27 September 2011
A new life-extending drug to treat prostate cancer has been given approval to be legally used in the UK.
Abiraterone acetate, marketed by Janssen under the trade name ZYTIGA, was developed by the Institute of Cancer Research (ICR) and the Royal Marsden Hospital, and has undergone a series of successful clinical trials on humans with prostate cancer.
The new drug is a type of treatment for prostate cancer that works by blocking the synthesis of testosterone in all tissues including the tumour itself.
Developed as a once-daily pill, the new arrival was approved by the European Commission earlier this month but launched officially in the UK today (September 27th).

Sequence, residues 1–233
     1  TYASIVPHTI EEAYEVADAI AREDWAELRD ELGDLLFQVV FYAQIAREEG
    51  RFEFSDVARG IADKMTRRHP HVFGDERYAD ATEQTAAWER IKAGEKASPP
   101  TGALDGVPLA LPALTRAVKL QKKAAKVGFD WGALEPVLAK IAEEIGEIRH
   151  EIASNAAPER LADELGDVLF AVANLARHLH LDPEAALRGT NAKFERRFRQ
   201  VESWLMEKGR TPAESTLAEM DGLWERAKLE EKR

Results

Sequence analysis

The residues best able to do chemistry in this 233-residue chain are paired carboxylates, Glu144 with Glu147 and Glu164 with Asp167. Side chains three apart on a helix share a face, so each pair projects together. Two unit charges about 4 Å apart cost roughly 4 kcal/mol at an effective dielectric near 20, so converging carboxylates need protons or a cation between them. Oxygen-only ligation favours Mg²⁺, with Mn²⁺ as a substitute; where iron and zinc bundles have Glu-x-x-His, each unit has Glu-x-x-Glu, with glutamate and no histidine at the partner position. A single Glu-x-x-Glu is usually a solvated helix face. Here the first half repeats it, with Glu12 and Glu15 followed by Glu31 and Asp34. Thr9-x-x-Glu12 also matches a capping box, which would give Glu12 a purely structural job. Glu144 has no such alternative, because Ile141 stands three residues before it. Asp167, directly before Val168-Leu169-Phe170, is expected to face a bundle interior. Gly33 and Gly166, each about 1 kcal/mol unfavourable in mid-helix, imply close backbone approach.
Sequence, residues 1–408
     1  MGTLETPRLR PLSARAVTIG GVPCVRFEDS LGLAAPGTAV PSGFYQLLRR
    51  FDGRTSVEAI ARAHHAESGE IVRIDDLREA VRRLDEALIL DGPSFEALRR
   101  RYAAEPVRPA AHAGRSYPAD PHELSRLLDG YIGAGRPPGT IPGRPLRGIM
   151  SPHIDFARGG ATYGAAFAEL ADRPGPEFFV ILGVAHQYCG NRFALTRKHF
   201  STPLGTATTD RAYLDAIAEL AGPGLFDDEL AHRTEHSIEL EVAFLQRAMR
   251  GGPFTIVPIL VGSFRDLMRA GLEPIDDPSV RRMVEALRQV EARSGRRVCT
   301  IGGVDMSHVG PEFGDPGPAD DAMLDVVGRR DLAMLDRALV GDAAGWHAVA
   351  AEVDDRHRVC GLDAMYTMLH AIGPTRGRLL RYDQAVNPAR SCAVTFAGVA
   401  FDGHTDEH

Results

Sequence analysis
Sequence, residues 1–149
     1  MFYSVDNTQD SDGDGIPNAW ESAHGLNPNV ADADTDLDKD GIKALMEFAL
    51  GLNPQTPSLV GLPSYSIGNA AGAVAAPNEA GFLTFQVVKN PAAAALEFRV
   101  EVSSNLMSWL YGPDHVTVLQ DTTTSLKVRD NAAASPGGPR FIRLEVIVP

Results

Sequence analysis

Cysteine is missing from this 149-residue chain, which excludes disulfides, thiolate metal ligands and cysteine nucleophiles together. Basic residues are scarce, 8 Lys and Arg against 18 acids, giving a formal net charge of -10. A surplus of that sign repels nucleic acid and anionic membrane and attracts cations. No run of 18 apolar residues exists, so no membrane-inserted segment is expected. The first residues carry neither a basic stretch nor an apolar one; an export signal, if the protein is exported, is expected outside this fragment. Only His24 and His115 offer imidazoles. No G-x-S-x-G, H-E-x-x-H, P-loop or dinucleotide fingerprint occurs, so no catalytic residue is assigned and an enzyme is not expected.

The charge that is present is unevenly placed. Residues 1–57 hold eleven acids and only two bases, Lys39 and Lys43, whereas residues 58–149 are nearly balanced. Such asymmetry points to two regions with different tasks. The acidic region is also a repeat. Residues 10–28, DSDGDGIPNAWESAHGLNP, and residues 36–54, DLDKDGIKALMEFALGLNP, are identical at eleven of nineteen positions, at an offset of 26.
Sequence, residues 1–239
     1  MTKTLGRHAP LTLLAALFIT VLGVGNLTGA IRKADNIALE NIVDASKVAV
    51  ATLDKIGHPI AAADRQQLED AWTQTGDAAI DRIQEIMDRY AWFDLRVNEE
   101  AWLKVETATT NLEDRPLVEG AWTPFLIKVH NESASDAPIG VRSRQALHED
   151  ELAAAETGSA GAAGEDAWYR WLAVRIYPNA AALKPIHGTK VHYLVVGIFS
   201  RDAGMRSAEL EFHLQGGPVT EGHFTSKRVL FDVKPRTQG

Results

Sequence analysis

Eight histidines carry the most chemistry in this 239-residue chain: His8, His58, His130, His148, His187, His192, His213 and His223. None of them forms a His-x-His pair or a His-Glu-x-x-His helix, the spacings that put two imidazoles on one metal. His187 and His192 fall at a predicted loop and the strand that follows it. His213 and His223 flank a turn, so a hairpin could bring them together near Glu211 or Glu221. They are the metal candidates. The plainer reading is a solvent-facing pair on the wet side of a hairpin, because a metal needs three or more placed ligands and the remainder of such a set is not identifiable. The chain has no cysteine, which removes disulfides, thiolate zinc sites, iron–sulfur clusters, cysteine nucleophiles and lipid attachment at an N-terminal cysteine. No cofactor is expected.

Royal Marsden chief executive Cally Palmer said: "The development of abiraterone highlights the national importance of funding pioneering cancer research. We are delighted our patients at the Royal Marsden have been among the first to benefit from the very latest in drug development."
In clinical trials of the new cancer treatment, patients who were given the drug lived on average 15.8 months longer compared to 11.2 months among those that were given a placebo.
From its foundation in 1909 as a small research department of the Royal Marsden Hospital, the ICR has become one of the world's foremost independent cancer research organisations.
By Edward Bartel
Johann S. de Bono, et al., "Abiraterone and Increased Survival in Metastatic Prostate Cancer", New England Journal of Medicine, May 25th 2011.
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